Viewing Posts by Taralyn Frasqueri-Molina
By Taralyn Frasqueri-Molina
Because human resources is so process-oriented, it’s easy to overlook its need for project and program management.
The human resources department’s projects may not be customer-facing and highly visible, but it is very likely that they will make your work life easier! They might be focused on integrating or retrofitting an HR information system, changing an organization-wide benefits provider, developing a new employee handbook or designing and releasing an employee satisfaction survey.
I’ve had the pleasure of working on several HR projects. Though they weren’t product launches delivering external customer value, they were critical to internal business operations. Because they are so essential to internal success, if you’re the person responsible for enterprise roadmapping, you must ensure HR projects are part of the way forward.
One human resources area that benefits exceptionally well from stellar project management is organizational design. Don’t pass up the chance to work on an organization redesign project—you’ll be teaming up with not only human resources, but also with service designers, team managers and executive leadership.
There are many stages to an organizational design project. Organizational design projects have a lot of moving parts. Early on, it can be easy to get stuck in the research and design parts, constantly reviewing and revising. Later, ensuring companywide adoption can seem like a never-ending slog. A project manager can be a boon during these critical phases by keeping the focus on smaller, incremental milestones, and communicating when that milestone progress is made. This keeps the project moving forward, the momentum continuing even though the results of the final goal may be nebulous and still too far away.
In the end, you’ll deliver a model that will become the operating structure for the entire organization—helping all of its employees navigate through a changing business environment. And maybe even disruptive changes that pose grave threats to the organization.
What types of human resources projects have you led? Where else do you thinking project management could be beneficial for human resources?
by Taralyn Frasqueri-Molina
In a small business, like a startup, organizational project management (OPM) may seem too big. At a large blue chip, layers of OPM may be standard operating procedure. But what if your org is somewhere in between? On one hand, you're past the days of moving furniture yourself, on the other hand, you're not yet cutting paychecks for 2000+ employees.
First, let's establish that OPM is a good thing. Linking strategy with implementation across an organization to deliver on portfolio promises and realize value is, trust me on this one, a good thing. But OPM at scale is even better. And that is because if you don't scale OPM to where your org is right now, it may seem that OPM is too complex to even attempt at all.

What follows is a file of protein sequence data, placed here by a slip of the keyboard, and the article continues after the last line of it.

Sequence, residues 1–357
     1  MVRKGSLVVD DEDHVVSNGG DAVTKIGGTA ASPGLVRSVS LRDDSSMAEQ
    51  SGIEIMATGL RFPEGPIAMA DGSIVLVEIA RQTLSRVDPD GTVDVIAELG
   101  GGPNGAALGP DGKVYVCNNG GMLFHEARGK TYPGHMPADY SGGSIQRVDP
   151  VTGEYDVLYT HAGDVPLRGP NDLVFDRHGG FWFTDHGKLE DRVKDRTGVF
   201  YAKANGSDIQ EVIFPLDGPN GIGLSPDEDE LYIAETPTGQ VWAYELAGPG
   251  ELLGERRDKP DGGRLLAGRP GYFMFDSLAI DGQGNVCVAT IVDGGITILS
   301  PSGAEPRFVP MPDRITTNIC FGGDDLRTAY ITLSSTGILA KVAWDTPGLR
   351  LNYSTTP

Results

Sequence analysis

And if OPM is a good thing, then no OPM is probably not so good.
I've seen what happens to a business that doesn't have an OPM strategy in place. The business is moving along successfully but then the stumbling starts, and then maybe stops, but then it starts up again and continues unabated. Teams are frustrated that progress has halted and find they're taking the blame or blaming each other. Leadership pushes the same answers to newly arisen problems—work harder, faster, longer.
The Benefits of Scaling
OPM at scale ensures the strategy that your entire enterprise is about to adopt is the right fit.
Too light (but it may work for a startup), and your undertaking becomes inconsistent, priorities become ever-changing because there's no clear focus. The entire system is not reliable enough to deliver.
Too rigid (but it may work for a Fortune 500), and you may get in your own way with bottle-necking processes, decision-making by committee, waiting for an approval exit gate that never arrives, wasting time because the system is not flexible enough to deliver.
Where too much process is a hindrance (but may work for a large org) and too little is volatile (but may work for a fledgling company), start with some core principles that are key for your org and build from there.
An OPM at scale strategy could look something like this:
At your next quarterly review, examine how your custom OPM framework is doing. Are you all still aligned on, not just the goal of your portfolio, but the goal of your OPM strategy? Ready to go bigger and start maturing your framework? Or instead do you need to scale back?
What experience do you have with implementing OPM to scale?
Want to see a fully baked standardized model, take a peek at PMI's Organizational Project Management Maturity Model (OPM3®).
By Taralyn Frasqueri-Molina
Project managers come in all kinds of flavors. During my 15 years in the biz, I've been lucky to use all kinds of methodologies and frameworks to deliver a variety of projects. These last few years, I’ve mainly been a digital project manager.
But just within the digital world, there are many different kinds of project managers. Here's a brief overview of a few. There are nuances to every role, of course; these are broad-stroke descriptions.
Tech PM: This designation used to include all things digital before digital splintered off. Now a tech PM usually works in the IT/infrastructure realm.
These PMs are the keepers of the critical backend of your business—email, broadcast pipelines, data storage, cloud systems, security, software integrations, etc. They’re leading large enterprise-wide initiatives to enable organizations to adopt new tools and processes.
OTT device and app PM: PMs in this area often work on products related to "over the top" (OTT) video platforms. AppleTV, Roku and Amazon Fire Stick are all OTT devices. So are gaming consoles like Xbox and PlayStation.
PMs in this area may manage development of the device itself, but more often they are leading app development initiatives that focus on getting video/music content to customers.
Mobile app PM: Direct to your phone or tablet: no muss, no fuss. PMs in this area often strictly focus on delivery of apps (and their requisite updates) for various handheld smart devices.